Sunday, October 25, 2009

ARM Cortex-A processor roundup

ARM, maker of the low-power processors in cell phones, has recently announced the Cortex-A9 and Cortex-A5 processors. Here's the brief summary of each Cortex processor and what it all means:


The low-end of the Cortex line. This replaces the older ARM9 and ARM11 processors which are the current mainstream. It's cheaper, faster, and lower-power than the ARM9 and ARM11. Most of that is because it's manufactured using the newer 45 nm process. This is the entry-level Cortex processor, meant for low-power, low-end devices. Five years from now, the really cheap cell phones will all be using Cortex-A5 processors.

Arrival date: 2011. Speeds will be around 1 GHz, and power about 80 mW.


This one is actually out today. It's used on the iPhone 3GS, and can run at over 1 GHz. It's pretty fast. This is the middle of the road for the Cortex family. The higher-end cell phones are switching to this one as we speak, and it'll be around for a while.

Power: about 500 mW. More than the 'A5, but still pretty low.


The big one. Supports one to four cores, up to 2 GHz, and is very fast. How fast? Benchmarks are hard to interpret reliably, but it looks to be about twice as fast as Intel's current-generation Atom, but with quite a bit less power, and cheaper. This is the one that will be used in netbooks that don't need to run Windows, like Google's upcoming Chrome OS. It'll also be used in high-end phones, and really power-conscious computers.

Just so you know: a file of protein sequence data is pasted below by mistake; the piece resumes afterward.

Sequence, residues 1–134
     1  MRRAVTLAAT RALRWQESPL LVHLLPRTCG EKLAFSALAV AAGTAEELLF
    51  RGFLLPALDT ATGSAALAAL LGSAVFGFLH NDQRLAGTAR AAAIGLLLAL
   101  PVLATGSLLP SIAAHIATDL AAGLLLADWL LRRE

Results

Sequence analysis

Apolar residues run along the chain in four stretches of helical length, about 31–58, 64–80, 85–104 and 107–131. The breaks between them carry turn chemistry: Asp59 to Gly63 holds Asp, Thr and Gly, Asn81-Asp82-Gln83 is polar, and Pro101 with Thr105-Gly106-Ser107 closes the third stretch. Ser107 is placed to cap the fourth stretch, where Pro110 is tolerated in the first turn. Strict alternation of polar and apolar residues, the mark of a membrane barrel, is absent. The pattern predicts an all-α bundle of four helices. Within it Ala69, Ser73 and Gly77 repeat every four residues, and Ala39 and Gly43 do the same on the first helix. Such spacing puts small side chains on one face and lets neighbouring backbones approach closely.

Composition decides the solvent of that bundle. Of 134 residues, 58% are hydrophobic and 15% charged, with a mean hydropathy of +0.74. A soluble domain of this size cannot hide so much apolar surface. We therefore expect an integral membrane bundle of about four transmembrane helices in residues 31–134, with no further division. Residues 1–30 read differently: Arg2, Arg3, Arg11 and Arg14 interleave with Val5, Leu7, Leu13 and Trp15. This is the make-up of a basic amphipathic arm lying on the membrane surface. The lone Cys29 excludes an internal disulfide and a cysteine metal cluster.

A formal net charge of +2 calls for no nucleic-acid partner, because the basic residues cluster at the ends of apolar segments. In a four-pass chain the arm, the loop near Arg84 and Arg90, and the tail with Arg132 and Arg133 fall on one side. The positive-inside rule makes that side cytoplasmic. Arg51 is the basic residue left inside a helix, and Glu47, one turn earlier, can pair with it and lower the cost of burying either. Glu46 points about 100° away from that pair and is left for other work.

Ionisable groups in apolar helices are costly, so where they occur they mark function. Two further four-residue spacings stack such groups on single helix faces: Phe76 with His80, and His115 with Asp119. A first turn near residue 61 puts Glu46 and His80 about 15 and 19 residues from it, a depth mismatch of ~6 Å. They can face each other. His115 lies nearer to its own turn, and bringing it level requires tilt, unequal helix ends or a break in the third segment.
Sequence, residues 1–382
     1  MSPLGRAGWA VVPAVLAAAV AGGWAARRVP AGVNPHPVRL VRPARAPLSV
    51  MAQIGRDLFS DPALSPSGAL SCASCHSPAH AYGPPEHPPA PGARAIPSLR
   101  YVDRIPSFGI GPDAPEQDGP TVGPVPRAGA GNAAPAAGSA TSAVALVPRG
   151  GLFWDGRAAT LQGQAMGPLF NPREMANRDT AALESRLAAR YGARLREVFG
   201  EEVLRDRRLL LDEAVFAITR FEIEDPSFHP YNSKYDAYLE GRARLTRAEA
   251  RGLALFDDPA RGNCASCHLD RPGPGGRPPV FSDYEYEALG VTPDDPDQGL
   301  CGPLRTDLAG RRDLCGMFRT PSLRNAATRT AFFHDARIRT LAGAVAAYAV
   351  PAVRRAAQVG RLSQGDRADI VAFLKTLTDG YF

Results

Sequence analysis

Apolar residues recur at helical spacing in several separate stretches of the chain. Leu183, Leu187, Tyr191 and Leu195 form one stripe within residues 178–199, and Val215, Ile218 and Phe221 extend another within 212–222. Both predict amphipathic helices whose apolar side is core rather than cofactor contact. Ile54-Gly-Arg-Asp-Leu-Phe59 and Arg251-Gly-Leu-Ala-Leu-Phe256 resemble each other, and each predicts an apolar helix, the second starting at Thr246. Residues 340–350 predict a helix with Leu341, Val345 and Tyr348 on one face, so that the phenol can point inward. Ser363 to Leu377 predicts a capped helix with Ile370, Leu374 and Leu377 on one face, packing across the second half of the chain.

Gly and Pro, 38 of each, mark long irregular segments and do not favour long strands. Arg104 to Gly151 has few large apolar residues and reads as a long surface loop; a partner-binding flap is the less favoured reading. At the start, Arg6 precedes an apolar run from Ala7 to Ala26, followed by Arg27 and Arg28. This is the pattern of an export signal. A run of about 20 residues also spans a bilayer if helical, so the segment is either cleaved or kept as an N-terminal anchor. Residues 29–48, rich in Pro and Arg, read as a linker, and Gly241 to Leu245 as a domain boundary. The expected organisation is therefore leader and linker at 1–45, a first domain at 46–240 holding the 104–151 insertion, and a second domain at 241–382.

Power: depends on the configuration, but about 250 mW/core.

We're still waiting for these to come onto the market, but it looks like it'll be released before the 'A5.

What does it mean?

The first good thing about this is that the Cortex series is a full replacement for ARM's older processor lines, even on the low end. All the Cortex processors have some useful extensions that will be nice to have universally available. It supports some SIMD instructions for speeding up some multimedia code. They support the Thumb-2 instruction set, which lets you mix 16-bit and 32-bit instructions to get better code density without sacrificing speed. They have virtual memory support.

Good stuff.

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